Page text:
The Hearses of West Coast Haunters Convention

West Coast Haunters Convention Hearses

The West Coast Haunters Convention happened this past weekend in Portland, Oregon. Haunters and Halloween enthusiasts gathered at the Lloyd Center Hilton Hotel to show off props, hearses, costumes, and products for one of the most creative holidays in the year. A few other hearses were on display, but only stayed for a short time.

I did not take many photos of WCHC this year. The hearses and the werewolf masks is pretty much it.I felt it was much better to enjoy the convention and the costume ball without a camera up at my eye. It is also difficult for me to photograph while wearing a full head mask.

My photos of the werewolf masks from various vendors are featured on my werewolf website at PDXWerewolf.com.

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Columbia Hills Waterfall

Columbia Hills Waterfall

Fivemile Creek is a small creek trickling down the Columbia Hills. This scene captures Fivemile Creek trickling over the basalt rocks in Columbia Hills State Park as it flows past Dalles Mountain Road to the Columbia River.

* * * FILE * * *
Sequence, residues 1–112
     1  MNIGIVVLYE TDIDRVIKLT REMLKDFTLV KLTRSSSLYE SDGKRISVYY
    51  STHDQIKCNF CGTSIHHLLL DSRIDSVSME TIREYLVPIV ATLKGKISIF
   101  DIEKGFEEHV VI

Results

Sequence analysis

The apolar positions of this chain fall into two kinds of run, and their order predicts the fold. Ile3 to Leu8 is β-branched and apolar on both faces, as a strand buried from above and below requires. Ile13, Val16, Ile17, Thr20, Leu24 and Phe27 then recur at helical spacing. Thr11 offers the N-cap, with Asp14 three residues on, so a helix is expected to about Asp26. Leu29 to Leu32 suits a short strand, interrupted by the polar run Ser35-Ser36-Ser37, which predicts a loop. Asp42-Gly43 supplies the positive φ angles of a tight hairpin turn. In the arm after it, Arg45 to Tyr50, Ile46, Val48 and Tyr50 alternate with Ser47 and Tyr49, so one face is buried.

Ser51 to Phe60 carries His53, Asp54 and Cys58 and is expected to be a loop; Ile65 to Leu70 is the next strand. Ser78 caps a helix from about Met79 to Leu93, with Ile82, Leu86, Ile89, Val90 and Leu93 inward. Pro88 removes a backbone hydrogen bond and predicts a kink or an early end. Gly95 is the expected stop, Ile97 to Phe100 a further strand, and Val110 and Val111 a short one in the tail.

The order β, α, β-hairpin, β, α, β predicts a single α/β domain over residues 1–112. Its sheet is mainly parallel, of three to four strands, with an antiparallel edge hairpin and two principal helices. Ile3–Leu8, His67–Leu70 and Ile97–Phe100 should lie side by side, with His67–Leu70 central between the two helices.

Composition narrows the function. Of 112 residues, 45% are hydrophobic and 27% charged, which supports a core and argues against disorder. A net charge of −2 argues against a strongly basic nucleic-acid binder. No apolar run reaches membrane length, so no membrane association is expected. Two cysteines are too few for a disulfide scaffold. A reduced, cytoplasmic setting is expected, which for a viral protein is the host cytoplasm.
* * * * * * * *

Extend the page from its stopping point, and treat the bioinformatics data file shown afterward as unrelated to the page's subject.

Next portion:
My original plan for today was to photograph scenes at McCall Wildlife Preserve in Rowena, located across the Columbia River. After arriving at Rowena Crest, I was greeted with several large hiking groups exploring the area. I don’t mind a few people straying into my shots, but I was not looking forward to having crowds appear in my shot.

Historic Warren Falls and Diversion Catch

Last week I photographed Hole-In-The-Wall Falls, a man-made waterfall located near Starvation Creek in the Columbia River Gorge. After returning from last week’s trip, I learned there was more about this unique waterfall and its history. The history was one of the most unusual washout mitigation ideas that I ever heard of. I returned to the location this week to check it out a little bit more.

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Hole-In-The-Wall Falls

Hole-In-The-Wall Falls

Hole-In-The Wall Falls looks like any other small waterfall cascading on the Oregon side of the Columbia River Gorge. That’s what I thought when I first saw it until I saw a plaque on the new circular picnic area with “HOLE-IN-THE-WALL FALLS – CREATED 1938.” There is apparently a history with this man-made waterfall, which I will not go into now. I will revisit this site later.

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